The New York Jets and Indianapolis Colts worked out one blockbuster of a trade early Saturday morning, swapping top-six picks to give New York the ability to land a franchise quarterback.

Here’s how it works out. New York sends the sixth overall pick as well as two second-round picks in 2018 (37th and 49th overall) and a second-round pick in 2019 to Indianapolis for the third pick in April’s draft.



It’s rather clear that this is a move up for a quarterback. Though, there’s a ton of issues with that possibility. Putting aside the hefty compensation New York paid to move up, it’s only to No. 3 overall. Both the Browns and Giants, picking No. 1 and No. 2 respectively, are more than likely going to select quarterbacks with their picks. This means New York yielded three second-round picks for the right to select a quarterback two teams are willing to pass up on. That’s a pretty interesting strategy right there.

Now, about that compensation. No matter what trade value chart you look at, Indianapolis got the better of this deal. Sure that’s usually the case when teams make a move for a quarterback. But it’s magnified even further here. According to Drafttek, New York gave up the equivalent of a first-round pick above value to move up to No. 3. Other charts show nearly the exact same thing.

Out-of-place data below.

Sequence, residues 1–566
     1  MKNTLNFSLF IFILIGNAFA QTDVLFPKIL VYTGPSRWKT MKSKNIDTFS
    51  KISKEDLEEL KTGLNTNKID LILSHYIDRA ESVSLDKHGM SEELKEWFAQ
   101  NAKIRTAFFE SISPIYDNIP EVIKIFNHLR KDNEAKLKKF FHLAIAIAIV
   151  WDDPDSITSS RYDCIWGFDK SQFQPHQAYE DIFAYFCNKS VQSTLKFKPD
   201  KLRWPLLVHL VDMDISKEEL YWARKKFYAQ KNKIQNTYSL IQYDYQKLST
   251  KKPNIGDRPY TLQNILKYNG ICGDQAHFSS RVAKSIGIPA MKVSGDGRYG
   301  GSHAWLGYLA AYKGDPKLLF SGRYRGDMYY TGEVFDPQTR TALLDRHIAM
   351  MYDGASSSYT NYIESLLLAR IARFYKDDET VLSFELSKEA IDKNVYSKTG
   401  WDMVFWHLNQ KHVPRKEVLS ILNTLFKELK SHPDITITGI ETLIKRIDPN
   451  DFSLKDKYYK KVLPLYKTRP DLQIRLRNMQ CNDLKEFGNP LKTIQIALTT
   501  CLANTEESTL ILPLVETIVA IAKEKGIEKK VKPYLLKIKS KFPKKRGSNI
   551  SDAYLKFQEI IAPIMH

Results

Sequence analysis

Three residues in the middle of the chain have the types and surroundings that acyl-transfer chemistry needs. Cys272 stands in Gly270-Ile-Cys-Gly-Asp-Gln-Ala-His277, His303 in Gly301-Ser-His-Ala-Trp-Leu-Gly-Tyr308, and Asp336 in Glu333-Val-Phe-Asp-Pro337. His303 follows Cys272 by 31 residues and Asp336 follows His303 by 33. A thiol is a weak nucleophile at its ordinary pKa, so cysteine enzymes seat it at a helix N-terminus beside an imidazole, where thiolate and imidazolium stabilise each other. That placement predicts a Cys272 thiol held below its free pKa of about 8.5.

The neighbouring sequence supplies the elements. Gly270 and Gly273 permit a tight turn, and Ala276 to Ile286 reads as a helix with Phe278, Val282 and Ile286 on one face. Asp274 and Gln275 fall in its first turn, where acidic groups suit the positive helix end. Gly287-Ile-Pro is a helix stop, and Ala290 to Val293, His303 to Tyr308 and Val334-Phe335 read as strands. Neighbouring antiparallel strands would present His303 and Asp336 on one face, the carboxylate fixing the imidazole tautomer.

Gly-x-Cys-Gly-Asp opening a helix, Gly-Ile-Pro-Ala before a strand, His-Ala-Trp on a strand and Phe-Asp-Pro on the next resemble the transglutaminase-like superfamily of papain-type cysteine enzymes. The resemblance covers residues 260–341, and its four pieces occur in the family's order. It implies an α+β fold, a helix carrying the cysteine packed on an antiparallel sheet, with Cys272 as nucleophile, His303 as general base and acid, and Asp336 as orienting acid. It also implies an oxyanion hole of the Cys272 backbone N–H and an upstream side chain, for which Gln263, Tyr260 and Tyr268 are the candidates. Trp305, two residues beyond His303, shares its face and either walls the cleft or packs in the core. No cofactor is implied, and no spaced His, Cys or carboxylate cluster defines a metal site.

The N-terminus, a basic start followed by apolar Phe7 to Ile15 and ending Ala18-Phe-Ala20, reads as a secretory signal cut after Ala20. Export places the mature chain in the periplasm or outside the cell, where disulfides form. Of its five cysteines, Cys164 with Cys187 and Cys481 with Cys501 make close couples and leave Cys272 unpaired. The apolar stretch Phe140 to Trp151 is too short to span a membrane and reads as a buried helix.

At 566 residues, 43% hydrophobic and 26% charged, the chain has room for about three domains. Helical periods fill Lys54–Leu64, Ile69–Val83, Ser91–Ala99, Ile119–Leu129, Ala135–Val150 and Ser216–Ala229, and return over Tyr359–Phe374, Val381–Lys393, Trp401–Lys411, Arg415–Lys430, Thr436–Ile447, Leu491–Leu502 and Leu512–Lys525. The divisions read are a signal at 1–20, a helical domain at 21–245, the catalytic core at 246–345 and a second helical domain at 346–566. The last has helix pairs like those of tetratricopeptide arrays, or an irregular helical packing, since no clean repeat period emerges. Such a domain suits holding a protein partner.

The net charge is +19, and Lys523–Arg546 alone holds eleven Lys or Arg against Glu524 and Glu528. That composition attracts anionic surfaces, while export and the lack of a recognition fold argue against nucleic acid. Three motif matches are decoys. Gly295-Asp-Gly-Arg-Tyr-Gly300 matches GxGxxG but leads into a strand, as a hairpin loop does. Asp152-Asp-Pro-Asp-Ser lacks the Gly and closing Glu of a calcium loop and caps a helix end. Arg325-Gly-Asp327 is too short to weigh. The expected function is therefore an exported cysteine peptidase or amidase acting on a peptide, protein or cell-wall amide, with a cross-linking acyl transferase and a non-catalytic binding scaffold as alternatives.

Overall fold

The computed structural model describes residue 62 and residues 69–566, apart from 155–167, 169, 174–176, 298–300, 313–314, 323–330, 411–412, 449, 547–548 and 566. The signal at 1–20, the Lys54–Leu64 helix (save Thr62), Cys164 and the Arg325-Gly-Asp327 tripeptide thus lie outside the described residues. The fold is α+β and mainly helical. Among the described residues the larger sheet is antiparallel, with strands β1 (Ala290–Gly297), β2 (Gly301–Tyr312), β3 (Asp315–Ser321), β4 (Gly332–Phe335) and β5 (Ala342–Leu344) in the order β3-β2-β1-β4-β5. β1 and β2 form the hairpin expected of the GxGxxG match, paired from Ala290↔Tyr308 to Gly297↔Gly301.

That’s a whole heck of a lot of capital to exhaust in moving up just a few spots.



We then have the entire Jets quarterback situation to look into here. They re-signed Josh McCown on a one-year, $10 million contract while also adding Teddy Bridgewater to the mix on a one-year deal that could top out at $15 million. Based on this trade, either one of those quarterbacks is going to spend Sundays this coming fall inactive or the Jets will decide to give the rookie a redshirt season by making him the No. 3 quarterback.

Sure the quarterback room in New Jersey is going to be a whole heck of a lot better next season. But the cost could very well be $25 million for two veteran quarterbacks and a massive overapay for a rookie two teams are likely going to pass up on.

It’s a risk New York was okay taking. Now, will it pay off? We’re not too sure.